Qualcomm has finally inked a licensing deal with Lenovo, the US chipmaker announced on Thursday, ending a 12-month period marred by delayed royalty payments from China’s biggest smartphone vendors following a damaging rift with the country’s government.
The deal covers Lenovo chips as well as Motorola, which was acquired by the Chinese hardware giant in late 2014. The fresh patent agreement grants Lenovo a royalty-bearing license to develop, manufacture and sell 3G and 4G devices built with Qualcomm technology.
Lenovo is the last of China’s five big smartphone makers to reach a deal with Qualcomm, whose stock price tumbled over 38 percent in 2015 amid troubles settling patent agreements with the cornerstone clients. Qualcomm’s stock price jumped almost two percent in after hours trading following the latest announcement.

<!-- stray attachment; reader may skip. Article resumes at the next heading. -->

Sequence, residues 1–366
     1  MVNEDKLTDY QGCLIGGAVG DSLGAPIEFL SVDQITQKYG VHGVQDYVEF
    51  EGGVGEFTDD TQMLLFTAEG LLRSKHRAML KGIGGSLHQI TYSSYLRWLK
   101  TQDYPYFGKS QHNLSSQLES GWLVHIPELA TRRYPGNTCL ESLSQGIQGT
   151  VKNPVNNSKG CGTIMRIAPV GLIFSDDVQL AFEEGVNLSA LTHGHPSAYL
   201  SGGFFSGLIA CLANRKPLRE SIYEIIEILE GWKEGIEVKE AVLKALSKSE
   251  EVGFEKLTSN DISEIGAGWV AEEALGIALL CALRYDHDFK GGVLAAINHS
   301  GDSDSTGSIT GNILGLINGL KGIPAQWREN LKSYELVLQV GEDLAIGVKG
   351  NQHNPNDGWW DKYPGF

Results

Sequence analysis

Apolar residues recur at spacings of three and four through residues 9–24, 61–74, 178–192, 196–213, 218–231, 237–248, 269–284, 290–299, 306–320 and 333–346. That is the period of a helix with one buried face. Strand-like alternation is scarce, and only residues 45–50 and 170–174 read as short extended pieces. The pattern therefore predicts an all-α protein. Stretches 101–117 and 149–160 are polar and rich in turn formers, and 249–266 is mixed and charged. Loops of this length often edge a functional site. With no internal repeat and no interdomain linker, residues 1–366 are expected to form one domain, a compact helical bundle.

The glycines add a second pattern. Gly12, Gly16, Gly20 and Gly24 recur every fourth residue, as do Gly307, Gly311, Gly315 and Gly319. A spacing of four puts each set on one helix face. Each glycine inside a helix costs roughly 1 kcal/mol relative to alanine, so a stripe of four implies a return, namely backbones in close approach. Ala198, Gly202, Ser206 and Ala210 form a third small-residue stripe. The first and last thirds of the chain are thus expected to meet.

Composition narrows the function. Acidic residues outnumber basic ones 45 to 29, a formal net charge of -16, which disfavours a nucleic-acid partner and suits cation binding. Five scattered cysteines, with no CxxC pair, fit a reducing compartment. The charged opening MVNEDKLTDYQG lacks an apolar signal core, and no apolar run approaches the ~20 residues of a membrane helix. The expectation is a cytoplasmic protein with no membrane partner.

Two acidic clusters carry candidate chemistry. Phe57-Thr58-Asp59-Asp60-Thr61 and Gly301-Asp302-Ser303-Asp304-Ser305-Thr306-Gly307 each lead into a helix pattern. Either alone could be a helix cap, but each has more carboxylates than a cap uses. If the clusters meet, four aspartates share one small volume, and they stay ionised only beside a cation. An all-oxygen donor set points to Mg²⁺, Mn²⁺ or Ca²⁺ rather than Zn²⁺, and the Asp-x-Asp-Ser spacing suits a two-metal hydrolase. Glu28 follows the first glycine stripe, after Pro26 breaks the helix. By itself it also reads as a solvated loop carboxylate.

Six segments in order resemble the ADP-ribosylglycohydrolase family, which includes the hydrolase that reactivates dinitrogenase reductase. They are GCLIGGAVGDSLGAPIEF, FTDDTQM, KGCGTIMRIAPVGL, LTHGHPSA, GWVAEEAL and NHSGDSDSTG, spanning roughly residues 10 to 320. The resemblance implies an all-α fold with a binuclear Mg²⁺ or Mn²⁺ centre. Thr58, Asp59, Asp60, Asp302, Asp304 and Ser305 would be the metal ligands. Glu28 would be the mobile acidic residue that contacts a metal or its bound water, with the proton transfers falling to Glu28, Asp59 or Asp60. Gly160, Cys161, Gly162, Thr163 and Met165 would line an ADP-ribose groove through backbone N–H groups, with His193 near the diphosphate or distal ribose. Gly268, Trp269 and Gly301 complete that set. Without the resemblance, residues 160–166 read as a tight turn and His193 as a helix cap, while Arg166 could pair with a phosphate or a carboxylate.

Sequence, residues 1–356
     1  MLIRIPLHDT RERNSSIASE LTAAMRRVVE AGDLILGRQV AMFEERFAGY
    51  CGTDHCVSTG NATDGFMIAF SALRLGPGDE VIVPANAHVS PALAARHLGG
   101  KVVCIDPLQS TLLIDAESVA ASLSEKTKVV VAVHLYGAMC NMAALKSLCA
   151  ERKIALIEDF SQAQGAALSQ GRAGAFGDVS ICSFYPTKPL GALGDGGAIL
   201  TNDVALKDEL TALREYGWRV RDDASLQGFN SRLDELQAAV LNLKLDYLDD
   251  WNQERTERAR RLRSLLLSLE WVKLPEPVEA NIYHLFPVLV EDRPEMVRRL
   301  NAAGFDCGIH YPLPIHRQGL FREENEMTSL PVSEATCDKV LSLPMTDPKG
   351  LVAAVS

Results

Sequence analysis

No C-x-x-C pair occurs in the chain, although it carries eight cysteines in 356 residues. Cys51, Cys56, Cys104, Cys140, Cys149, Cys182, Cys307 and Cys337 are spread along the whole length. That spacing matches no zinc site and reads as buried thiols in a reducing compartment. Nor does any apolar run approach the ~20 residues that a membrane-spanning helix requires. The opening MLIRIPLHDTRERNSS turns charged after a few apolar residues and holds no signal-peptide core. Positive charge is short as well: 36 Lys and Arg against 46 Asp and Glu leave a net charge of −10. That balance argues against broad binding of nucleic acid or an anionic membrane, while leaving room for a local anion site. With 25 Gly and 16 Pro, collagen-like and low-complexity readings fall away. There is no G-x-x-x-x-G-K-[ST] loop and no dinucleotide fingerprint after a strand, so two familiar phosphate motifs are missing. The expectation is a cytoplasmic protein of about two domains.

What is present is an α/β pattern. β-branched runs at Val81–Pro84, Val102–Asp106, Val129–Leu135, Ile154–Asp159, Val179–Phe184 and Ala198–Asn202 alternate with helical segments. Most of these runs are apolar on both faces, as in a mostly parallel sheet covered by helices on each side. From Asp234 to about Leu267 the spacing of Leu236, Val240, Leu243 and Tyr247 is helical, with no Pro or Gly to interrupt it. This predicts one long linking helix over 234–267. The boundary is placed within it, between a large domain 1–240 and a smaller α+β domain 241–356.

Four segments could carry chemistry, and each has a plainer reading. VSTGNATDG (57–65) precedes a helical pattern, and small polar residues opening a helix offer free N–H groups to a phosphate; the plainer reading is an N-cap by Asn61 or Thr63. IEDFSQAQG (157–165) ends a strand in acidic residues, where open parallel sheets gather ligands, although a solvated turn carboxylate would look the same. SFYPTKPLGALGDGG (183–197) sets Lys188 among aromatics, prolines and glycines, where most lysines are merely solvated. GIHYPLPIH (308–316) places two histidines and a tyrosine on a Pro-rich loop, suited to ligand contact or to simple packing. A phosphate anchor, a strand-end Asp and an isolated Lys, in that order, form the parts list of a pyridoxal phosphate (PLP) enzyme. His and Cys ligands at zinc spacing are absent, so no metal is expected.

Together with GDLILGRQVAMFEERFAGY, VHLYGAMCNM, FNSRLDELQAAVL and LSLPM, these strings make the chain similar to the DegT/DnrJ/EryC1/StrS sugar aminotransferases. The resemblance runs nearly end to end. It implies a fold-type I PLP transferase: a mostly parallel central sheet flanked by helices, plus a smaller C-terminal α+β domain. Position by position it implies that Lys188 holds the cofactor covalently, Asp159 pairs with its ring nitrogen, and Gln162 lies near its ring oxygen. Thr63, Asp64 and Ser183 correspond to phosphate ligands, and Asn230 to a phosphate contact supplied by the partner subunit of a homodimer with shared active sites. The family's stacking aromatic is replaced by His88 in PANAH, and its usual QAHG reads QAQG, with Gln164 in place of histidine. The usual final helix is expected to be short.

Qualcomm’s patent fees account for some 60 percent of their total revenue, while Chinese business accounts for roughly half of the company’s total revenue.
Qualcomm came under fire from the Chinese government in November 2013, when they reportedly breached the country’s antitrust laws. Qualcomm was forced to pay a $975 million USD fine in February 2015, along with new conditions requiring Qualcomm to adjust royalty rates in future Chinese deals. Vendors capitalized on the legal spat to hold out on paying licensing fees. Notably Xiaomi waited until December 2015 to seal a patent deal with the US chipmaker.
Lenovo’s delay has also been linked to poor sales performance within their mobile division. The company has struggled to turn a profit on their handsets since the costly acquisition of Motorola coincided with a global slowdown in mobile sales.